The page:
Semi Join

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Semi-join is introduced in Oracle 8.0. It provides an efficient method of performing a WHERE EXISTS sub-query.

A semi-join returns one copy of each row in first table for which at least one match is found.

Semi-joins are written using the EXISTS construct.

Oracle Semi Join Example

Let's take two tables "departments" and "customer"

Departments table

  1. CREATE TABLE  "DEPARTMENTS"   
  2.    (    "DEPARTMENT_ID" NUMBER(10,0) NOT NULL ENABLE,   
  3.     "DEPARTMENT_NAME" VARCHAR2(50) NOT NULL ENABLE,   
  4.      CONSTRAINT "DEPARTMENTS_PK" PRIMARY KEY ("DEPARTMENT_ID") ENABLE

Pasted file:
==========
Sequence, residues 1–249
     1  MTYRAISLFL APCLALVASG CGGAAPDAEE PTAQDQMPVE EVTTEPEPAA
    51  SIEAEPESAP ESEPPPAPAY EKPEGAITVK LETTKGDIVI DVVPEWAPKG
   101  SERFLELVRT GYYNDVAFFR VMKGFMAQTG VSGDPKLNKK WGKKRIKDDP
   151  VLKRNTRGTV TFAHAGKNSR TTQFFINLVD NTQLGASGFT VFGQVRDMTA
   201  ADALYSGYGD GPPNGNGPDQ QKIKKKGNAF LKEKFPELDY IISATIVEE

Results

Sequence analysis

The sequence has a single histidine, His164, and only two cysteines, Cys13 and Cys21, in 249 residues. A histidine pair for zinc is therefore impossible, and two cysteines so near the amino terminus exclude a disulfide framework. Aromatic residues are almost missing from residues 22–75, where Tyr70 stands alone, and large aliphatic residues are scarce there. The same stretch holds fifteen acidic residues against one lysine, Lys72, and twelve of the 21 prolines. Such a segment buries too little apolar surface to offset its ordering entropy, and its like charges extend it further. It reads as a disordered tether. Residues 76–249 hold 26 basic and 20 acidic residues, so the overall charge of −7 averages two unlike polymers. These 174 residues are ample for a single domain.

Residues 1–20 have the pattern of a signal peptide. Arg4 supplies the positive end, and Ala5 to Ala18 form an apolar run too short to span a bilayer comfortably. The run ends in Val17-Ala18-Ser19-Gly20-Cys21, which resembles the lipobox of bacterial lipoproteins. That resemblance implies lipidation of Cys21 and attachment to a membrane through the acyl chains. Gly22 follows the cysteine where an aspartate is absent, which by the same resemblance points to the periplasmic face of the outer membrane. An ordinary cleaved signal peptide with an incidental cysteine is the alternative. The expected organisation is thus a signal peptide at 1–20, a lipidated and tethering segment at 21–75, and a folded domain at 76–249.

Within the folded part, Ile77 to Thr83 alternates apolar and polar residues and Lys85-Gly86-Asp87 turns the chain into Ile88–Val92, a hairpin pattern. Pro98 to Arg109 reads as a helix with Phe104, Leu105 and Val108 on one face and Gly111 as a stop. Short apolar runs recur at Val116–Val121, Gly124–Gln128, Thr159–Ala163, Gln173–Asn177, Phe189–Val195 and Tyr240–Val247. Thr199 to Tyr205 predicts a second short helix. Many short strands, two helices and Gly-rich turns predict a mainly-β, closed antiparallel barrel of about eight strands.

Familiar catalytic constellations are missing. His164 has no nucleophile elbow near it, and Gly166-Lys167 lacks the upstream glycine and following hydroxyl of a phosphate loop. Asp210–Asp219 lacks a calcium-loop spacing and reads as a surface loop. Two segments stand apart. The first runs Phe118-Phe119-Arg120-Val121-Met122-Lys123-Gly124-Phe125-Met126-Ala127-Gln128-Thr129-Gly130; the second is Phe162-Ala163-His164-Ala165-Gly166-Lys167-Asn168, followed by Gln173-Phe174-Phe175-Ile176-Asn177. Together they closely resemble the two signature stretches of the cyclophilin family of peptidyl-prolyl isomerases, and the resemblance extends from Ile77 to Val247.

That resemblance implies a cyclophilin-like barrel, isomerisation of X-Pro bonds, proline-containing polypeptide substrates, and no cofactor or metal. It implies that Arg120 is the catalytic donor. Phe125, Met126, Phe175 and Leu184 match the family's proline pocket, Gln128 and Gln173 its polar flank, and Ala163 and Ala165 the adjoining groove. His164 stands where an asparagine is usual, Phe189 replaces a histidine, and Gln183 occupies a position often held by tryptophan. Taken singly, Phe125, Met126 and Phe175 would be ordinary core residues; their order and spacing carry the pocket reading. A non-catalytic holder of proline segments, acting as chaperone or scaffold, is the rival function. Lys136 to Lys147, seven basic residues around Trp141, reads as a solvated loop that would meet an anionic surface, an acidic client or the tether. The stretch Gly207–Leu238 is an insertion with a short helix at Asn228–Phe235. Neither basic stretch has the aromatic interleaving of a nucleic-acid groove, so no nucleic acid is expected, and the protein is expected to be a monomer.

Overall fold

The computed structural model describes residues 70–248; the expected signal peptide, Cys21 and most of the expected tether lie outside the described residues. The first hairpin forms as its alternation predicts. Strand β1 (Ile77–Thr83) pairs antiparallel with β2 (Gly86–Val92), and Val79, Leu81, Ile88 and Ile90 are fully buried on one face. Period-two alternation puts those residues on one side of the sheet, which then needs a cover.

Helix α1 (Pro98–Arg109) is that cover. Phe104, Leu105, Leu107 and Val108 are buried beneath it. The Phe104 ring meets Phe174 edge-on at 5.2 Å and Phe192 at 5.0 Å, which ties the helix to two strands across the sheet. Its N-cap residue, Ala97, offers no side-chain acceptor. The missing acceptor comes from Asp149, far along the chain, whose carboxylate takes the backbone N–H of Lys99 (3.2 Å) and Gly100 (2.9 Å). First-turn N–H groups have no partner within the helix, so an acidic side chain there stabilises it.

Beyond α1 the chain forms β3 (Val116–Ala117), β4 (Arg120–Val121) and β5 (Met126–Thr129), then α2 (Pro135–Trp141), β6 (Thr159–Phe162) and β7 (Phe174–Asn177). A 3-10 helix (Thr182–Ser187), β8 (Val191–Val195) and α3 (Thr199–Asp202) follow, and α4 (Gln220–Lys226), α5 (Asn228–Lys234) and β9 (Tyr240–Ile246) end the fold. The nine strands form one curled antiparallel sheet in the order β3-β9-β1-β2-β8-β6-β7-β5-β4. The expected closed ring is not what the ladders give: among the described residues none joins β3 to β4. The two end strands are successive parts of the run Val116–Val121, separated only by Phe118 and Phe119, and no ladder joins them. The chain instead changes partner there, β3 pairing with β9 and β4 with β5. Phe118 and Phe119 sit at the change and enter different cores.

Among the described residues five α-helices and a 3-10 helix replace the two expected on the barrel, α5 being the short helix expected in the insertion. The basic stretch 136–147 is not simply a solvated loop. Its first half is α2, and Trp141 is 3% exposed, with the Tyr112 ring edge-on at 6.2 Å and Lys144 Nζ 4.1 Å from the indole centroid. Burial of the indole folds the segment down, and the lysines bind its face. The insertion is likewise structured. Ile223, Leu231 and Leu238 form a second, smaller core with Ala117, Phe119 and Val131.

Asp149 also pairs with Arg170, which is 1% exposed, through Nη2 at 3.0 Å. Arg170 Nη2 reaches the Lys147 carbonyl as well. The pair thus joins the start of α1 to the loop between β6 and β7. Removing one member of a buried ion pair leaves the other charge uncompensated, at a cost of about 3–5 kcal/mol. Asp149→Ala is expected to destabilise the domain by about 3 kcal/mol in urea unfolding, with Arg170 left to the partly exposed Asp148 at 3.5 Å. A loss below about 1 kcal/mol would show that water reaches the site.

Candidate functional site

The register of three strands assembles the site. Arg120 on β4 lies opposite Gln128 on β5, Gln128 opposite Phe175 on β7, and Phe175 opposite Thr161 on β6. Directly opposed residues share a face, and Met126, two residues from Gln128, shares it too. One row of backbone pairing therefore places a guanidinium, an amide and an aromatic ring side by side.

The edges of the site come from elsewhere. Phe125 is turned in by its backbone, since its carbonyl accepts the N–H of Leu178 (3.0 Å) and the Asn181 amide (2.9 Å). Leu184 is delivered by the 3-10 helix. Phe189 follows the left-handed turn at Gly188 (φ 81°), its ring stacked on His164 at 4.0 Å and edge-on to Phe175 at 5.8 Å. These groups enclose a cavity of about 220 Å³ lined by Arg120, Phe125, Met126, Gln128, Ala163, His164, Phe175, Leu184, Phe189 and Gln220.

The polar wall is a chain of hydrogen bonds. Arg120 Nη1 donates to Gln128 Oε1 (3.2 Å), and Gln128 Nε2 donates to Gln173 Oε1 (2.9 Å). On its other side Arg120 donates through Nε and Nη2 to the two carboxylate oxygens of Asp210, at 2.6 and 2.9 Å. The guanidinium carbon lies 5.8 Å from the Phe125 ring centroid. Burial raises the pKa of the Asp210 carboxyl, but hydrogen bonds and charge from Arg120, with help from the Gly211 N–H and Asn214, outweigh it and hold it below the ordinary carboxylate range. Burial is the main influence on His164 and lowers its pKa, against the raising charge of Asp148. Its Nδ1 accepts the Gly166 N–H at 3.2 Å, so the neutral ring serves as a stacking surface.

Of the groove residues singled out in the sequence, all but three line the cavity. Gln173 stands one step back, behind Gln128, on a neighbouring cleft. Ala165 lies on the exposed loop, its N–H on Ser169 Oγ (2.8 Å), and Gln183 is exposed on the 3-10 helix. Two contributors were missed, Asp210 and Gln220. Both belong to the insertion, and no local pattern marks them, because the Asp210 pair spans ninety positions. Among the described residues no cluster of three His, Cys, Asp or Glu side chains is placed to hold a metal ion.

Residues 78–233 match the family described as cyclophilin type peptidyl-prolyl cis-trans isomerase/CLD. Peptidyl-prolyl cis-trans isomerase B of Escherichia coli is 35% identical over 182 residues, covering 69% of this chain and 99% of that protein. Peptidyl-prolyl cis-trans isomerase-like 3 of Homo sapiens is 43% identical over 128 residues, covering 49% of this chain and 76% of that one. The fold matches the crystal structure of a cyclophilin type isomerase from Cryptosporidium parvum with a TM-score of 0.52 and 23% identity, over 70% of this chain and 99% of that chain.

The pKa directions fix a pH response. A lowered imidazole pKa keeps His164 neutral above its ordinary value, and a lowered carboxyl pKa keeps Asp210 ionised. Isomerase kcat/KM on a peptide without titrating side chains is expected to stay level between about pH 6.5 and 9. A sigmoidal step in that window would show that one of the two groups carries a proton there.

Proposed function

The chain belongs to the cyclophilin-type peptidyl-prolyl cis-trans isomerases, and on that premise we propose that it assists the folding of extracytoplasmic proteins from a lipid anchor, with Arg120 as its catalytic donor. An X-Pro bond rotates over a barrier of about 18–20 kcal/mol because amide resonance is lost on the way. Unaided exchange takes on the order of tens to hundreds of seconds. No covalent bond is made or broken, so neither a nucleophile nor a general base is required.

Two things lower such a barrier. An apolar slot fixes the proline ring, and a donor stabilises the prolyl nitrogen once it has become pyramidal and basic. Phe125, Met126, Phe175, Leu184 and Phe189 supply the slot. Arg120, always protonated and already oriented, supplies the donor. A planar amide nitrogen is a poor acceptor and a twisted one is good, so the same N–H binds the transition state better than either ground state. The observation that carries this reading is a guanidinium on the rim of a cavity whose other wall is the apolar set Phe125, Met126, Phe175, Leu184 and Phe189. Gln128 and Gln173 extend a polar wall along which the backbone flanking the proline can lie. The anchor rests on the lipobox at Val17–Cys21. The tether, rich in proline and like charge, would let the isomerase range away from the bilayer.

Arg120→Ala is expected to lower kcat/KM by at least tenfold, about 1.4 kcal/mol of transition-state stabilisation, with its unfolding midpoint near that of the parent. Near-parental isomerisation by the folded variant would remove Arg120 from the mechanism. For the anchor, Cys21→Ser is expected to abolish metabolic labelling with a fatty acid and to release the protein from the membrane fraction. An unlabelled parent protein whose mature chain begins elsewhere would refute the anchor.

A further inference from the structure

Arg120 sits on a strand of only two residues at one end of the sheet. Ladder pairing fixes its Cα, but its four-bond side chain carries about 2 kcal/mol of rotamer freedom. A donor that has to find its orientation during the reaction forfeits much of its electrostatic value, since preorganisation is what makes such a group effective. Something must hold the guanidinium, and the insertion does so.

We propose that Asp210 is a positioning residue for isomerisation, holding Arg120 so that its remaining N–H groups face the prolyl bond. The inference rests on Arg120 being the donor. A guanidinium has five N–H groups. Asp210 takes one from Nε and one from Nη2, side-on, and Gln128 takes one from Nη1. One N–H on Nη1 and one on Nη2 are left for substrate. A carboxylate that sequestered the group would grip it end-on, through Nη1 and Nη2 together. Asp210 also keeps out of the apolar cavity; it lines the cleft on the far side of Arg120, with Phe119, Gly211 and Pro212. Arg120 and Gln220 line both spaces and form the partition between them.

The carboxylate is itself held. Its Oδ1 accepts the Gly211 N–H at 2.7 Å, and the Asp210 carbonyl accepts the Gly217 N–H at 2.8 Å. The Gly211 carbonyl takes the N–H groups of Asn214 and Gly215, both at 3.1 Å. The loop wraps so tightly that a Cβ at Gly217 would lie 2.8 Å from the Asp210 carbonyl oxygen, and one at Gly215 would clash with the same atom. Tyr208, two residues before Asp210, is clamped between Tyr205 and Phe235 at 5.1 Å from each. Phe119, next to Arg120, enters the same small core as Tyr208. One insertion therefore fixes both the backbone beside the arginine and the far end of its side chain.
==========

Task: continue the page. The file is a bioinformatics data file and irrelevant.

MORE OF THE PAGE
5.    )  
  6. /  
  7.    

Oracle Semi Join

Customer table

  1. CREATE TABLE  "CUSTOMER"   
  2.    (    "CUSTOMER_ID" NUMBER,   
  3.     "FIRST_NAME" VARCHAR2(4000),   
  4.     "LAST_NAME" VARCHAR2(4000),   
  5.     "DEPARTMENT_ID" NUMBER  
  6.    )  
  7. /  

Oracle Semi Join 2

Execute this query

  1. SELECT   departments.department_id, departments.department_name  
  2.         FROM     departments  
  3.         WHERE    EXISTS  
  4.                  (  
  5.                  SELECT 1  
  6.                  FROM   customer  
  7.                  WHERE customer.department_id = departments.department_id  
  8.                  )  
  9.         ORDER BY departments.department_id;  

Output

Oracle Semi Join 3

Difference between anti-join and semi-join

While a semi-join returns one copy of each row in the first table for which at least one match is found, an anti-join returns one copy of each row in the first table for which no match is found.